What makes our programs different?
A Relationship Specialist and a Law Enforcement Professional, both of whom have worked closely with college students focusing on the issues of sexual assault, domestic abuse, and healthy relationships, have teamed up to offer a very unique and powerful program for college students that will give them the information and skills they need to avoid and overcome from abusive relationships, and create and maintain healthy relationships with themselves and others. Programs are designed to be user friendly, and can be used in co-ed and single sex audiences.
The clips below will give an idea of what we cover:
Stand With Us is for our young men. Cavetime, a men's organization committed to helping men become men of integrity and character, has joined us in helping young men become men of respect nad character. We believe it takes men helping and holding men accountable to make significant positive culture change.
A Good Guy Answer's Questions is for our women. Respecting women is critical, and in our culture today, "good" men (those who respect and value women) stepping up to be good men is so vital. In this clip, Caleb (from Cavetime) encourages women to set the bar high and expect to be respected and treated well by men..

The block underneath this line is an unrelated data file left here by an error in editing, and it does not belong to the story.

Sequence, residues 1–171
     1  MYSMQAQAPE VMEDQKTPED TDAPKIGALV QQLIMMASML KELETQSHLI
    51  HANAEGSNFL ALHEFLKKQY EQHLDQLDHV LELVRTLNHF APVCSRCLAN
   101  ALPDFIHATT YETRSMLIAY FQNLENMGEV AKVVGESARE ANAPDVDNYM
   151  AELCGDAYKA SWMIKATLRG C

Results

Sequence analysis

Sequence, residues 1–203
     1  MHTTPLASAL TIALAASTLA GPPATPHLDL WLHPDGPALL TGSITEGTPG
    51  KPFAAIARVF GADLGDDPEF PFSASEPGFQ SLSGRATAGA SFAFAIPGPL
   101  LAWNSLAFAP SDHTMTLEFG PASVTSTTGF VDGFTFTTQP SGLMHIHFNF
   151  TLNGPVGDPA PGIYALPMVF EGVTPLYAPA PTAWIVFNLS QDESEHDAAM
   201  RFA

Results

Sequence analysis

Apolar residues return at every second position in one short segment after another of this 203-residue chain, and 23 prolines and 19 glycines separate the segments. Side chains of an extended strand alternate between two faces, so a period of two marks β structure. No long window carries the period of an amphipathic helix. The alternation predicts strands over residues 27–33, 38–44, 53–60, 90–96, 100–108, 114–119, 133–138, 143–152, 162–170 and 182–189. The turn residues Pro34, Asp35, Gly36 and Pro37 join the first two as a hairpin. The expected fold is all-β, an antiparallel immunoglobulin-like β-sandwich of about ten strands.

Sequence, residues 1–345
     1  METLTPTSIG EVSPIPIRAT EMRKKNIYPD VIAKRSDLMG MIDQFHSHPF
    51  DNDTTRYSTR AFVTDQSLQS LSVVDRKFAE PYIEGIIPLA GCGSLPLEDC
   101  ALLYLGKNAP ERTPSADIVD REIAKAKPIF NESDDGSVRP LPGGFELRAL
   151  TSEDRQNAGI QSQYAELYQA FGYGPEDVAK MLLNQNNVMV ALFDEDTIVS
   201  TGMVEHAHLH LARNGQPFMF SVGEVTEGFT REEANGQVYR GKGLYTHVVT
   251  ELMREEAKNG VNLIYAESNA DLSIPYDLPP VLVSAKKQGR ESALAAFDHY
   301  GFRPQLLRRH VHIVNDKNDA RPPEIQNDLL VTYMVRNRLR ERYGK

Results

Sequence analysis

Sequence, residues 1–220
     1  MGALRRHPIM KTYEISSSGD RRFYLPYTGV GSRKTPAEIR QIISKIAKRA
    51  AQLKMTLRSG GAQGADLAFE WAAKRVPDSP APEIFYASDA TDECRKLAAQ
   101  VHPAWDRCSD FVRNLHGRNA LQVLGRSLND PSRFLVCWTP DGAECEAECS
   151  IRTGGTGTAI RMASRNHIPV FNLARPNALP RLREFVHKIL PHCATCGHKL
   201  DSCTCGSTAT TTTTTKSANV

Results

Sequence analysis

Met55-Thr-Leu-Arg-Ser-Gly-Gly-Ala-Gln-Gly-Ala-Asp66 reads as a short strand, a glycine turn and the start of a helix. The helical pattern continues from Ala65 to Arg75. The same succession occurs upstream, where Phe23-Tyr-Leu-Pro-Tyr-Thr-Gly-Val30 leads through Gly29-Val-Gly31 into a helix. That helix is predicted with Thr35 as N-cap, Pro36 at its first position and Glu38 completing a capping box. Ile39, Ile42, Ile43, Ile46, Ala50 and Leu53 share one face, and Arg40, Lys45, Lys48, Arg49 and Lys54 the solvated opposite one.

- 43% of dating college women report experiencing violent and abusive dating behaviors including physical, sexual, tech, verbal or controlling abuse.
- 1 in 3 young people say they have been in an abusive dating relationship
- 1 in 4 women is sexually assaulted while in college
- More than 90% of sexual assault victims do not report the assault
- Colleges facing scandals may lose funding from the DOE, fewer applications, and lowered alumni donations.
- 58% of college students say they don’t know what to do to help someone who is a victim of dating abuse.
- 38% of college students say they don’t know how to get help for themselves if they were a victim of dating abuse.
- More than half of all college students (57%) say it is difficult to identify dating abuse
- In college men, 83% reported seeing pornography, and those who did were more likely to say they would commit rape or sexual assault if they knew they wouldn't be caught, and that they would be less likely to intervene if they observed a sexual assault taking place.
Let's make a change.